Rockers Appear In Court
LOS ANGELES (AP) - A group of musicians including Don Henley and Jennifer Warnes urged California lawmakers to intervene and protect them from what they say are unfair contracts that give recording companies the opportunity to withhold royalties with impunity.
The musicians, whose careers span seven decades, also charged Tuesday that the recording industry systematically underreported sales to reduce royalty payments.
Contracts are "dishonest," "indecipherable" and "laughably one-sided," said Warnes who, despite selling some 30 million albums since 1968, said she didn't receive her first royalty check until 1991.
The musicians said their only recourse is to pay for expensive audits of their labels' finances. But even if they can prove they have been shortchanged, they said, recording companies don't always pay up and most artists have little leverage to make them do so.
"There's no penalty for negligent underreporting," said Henley of the Eagles. He said the contracts are the same at any major label so "you can't shop around and get a better deal."
The Eagles have been conducting audits almost perpetually since 1975, said band member Glenn Frey.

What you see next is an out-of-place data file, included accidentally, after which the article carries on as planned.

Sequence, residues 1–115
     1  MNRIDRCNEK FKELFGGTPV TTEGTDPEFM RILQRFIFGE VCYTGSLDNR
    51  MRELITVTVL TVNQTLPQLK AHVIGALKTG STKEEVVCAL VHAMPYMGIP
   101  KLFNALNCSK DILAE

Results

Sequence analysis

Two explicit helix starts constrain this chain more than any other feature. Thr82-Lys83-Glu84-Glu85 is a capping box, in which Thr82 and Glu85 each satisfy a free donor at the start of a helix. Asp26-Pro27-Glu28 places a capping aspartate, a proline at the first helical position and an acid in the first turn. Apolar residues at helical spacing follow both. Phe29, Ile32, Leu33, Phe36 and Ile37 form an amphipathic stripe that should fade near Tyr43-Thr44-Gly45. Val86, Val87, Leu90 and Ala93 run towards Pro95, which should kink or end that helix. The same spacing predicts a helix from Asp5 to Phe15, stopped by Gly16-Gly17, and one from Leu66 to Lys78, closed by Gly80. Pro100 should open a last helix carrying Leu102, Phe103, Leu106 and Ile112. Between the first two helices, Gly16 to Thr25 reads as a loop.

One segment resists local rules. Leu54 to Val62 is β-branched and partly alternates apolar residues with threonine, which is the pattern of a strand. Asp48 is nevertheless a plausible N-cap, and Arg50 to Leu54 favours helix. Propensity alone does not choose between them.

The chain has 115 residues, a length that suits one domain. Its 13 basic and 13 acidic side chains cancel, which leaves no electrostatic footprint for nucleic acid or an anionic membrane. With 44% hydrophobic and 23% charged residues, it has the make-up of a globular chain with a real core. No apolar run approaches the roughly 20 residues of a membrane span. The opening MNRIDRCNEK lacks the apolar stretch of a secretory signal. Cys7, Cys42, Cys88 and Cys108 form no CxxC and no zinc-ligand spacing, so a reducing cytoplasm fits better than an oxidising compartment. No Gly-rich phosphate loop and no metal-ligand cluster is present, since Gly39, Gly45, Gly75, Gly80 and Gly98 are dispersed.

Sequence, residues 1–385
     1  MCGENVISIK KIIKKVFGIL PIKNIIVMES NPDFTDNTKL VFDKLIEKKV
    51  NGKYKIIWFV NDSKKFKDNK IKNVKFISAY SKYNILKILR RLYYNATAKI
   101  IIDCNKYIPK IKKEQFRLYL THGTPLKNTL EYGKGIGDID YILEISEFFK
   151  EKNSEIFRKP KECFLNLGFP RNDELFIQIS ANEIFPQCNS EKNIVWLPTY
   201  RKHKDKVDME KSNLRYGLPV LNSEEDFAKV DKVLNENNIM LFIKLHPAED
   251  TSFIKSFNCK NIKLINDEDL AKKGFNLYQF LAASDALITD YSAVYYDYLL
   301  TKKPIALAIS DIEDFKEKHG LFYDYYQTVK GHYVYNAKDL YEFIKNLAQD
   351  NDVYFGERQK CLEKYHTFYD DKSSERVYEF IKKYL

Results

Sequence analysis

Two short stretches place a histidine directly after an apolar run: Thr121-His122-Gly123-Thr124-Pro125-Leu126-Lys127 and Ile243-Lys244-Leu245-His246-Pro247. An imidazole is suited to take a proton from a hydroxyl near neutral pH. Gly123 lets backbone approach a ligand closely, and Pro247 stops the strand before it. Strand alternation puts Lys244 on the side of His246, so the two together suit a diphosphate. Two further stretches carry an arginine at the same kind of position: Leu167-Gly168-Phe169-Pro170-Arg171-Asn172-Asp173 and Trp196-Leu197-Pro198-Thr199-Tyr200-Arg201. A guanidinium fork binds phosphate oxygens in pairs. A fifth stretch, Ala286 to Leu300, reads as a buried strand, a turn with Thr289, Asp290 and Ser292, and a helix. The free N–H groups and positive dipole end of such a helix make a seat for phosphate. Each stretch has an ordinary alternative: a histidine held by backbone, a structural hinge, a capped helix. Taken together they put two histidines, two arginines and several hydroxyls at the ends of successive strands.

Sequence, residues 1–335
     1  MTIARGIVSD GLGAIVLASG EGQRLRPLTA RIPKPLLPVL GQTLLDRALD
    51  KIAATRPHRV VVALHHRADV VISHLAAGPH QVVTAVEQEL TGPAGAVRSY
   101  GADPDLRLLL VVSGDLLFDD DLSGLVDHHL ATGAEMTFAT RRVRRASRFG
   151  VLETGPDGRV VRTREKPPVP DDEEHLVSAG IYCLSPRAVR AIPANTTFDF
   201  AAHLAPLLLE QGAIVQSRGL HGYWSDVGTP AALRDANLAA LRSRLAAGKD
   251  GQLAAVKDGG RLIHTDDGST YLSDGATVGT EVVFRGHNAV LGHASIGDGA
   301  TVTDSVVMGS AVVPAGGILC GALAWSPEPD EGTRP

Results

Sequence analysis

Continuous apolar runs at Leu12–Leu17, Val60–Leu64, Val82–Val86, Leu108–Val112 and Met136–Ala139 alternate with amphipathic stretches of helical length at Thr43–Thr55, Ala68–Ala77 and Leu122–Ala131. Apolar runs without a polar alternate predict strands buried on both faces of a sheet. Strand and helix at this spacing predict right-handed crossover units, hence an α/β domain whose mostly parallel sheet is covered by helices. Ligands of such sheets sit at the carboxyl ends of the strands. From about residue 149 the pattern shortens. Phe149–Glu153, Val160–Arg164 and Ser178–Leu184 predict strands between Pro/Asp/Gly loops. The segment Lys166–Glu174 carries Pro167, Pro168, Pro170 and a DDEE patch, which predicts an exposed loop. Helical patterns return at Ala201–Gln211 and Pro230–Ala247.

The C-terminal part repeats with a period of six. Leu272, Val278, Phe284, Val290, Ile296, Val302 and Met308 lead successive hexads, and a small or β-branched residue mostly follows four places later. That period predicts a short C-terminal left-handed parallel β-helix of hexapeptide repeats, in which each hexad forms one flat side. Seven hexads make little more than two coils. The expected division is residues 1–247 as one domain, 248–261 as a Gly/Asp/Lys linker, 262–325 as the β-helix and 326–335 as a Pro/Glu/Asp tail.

Contracts between a musician and a label stipulate that any failure to pay royalties is not a material breach of contract, said Simon Renshaw, a manger of several music acts with the Beverly Hills-based agency The Firm.
"It's catch me if you can, and then I'll repay you some of the money I stole from you, and then we'll start again. That's the game. It's institutionalized," Renshaw told a joint hearing of the state Senate Committee on Judiciary and the state Senate Select Committee on the Entertainment Industry.
He called for a system that would allow artists to walk away from their contracts if their labels conduct dishonest accounting.
Artist royalty rates are typically set around 12 percent to 16 percent of sales. But before any of the royalties reach an artist, the company usually covers promotion, production, packaging and other expenses. In addition, the labels withhold large percentages to cover discounts they offer to retailers as well as reserves for any returned goods.
A senior executive from the five major recording companies categorically denied the charges of dishonest accounting.
Cary Sherman, president of the Recording Industry Association of America, complained the industry faced "trial by anecdote" and lambasted the panel for allowing indiscriminate charges, misleading allegations and innuendo.
U.S. labels received $60 billion in revenue and foreign licensing fees last year and recorded profits of $5 billion. In comparison, artists received $9 billion in royalty payments, according to a study presented by the industry.
"We all know there are gray areas in the contracts," said Chuck Ciongoli, senior vice president of Universal Music Group.
But artists often use audits as a tactic to renegotiate their contracts, and they neglect to point out they usually receive advance payments, he said.